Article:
The Bible teaches that sinful people cannot earn salvation or contribute to their salvation. Justification and eternal life are free gifts of God received by faith alone in Christ alone (Rom 4:1-8, Gal. 2:15-16, Eph 2:8, etc.). Or as the Heidelberg Catechism says, the good we do can’t make us right or help make us right with God because he demands entire perfection, but “even the very best we do in this life is imperfect and stained with sin” (Q 62). However, doesn’t God promise to reward obedience (Mt. 5:12, 10:41-41, Heb. 11:6, etc.)? Geerhardus Vos explained this well:
“That being judged “according to works” also applies to believers is apparent from Matthew 25:34–40; 1 Corinthians 4:5; 2 Corinthians 5:10; Revelation 22:12. However, this is not to be understood in the sense that works provide the basis for the decision whether one has earned or not earned salvation. Works will come into consideration as a manifestation of genuine saving faith. Work in the scriptural sense also means not just an external display but the expression of one’s life that flows out of the depth of the heart. So understood, works are in fact evidences for the presence of faith.
But works occur in yet another sense than as evidences of faith. Scripture also speaks of reward for believers (“their works follow them,” Rev 14:13; Matt 5:12, 16; 6:1; Luke 6:23; Heb 10:34–38). This reward comes as compensation for the cross, as restitution for what was robbed, as recompense for love shown to the servants of the Lord, etc. There will be proportion in this reward (Matt 25:21, 23; Luke 6:38; 19:17, 19; 1 Cor 3:8). It is presented as a reaping that corresponds to what is sown (Gal 6:7–10). Salvation will be perfect for all, but nonetheless not entirely the same for all. This is certain: the difference will not possibly provide any occasion for unhappiness. Accordingly, for believers works are a criterion for the glory to be received. But this is a reward out of grace (Rom 11:35; 1 Cor 4:7; John 3:27). And the bestowing of salvation, as such, will take place solely on the basis of the imputed righteousness of Christ received by faith.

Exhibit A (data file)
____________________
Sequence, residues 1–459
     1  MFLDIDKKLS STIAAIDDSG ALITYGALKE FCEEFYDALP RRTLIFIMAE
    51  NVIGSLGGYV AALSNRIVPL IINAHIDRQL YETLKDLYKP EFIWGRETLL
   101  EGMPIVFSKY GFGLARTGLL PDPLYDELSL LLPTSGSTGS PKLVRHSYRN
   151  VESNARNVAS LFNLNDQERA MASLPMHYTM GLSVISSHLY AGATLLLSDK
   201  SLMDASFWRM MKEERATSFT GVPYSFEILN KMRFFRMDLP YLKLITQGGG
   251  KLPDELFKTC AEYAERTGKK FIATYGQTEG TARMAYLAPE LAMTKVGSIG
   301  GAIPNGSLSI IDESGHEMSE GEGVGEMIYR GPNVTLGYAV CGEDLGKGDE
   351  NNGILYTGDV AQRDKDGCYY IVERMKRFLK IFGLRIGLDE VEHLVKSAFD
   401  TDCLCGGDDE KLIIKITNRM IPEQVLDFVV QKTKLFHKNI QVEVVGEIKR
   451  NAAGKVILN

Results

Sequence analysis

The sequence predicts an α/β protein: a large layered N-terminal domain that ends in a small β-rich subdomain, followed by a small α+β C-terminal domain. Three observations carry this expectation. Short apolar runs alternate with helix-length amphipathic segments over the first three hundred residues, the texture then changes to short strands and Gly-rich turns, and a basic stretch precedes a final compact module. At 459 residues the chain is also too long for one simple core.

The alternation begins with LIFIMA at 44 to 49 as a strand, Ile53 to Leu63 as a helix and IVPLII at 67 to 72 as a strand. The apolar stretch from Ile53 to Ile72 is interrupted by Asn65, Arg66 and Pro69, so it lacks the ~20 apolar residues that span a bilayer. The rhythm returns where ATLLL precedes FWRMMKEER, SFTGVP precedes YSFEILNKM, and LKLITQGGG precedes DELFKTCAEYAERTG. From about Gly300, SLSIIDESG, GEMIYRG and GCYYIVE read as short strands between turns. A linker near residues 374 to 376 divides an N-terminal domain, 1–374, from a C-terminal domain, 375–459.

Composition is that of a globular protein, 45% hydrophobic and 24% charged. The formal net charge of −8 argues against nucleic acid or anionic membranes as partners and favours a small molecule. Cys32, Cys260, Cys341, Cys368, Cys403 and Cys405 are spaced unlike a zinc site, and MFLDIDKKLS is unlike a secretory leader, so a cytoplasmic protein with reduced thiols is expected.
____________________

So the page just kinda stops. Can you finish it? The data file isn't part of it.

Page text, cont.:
So it’s not as if we receive initial justification by faith and then final justification by faith plus works. Not at all. It’s all of grace. The Heidelberg Catechism summarizes Scripture well when talking about the rewards of obedience: “This reward is not earned; it is a gift of grace” (A 62). Or, as the Apostle says in 1 Corinthians 15:10,
But by the grace of God I am what I am, and his grace to me was not without effect. No, I worked harder than all of them—yet not I, but the grace of God that was with me. [NIV]
[The above quotes by Vos are found in his Reformed Dogmatics, ed. Richard B. Gaffin, trans. Annemie Godbehere et al., vol. 5 (Bellingham, WA: Lexham Press, 2012–2016), 293.]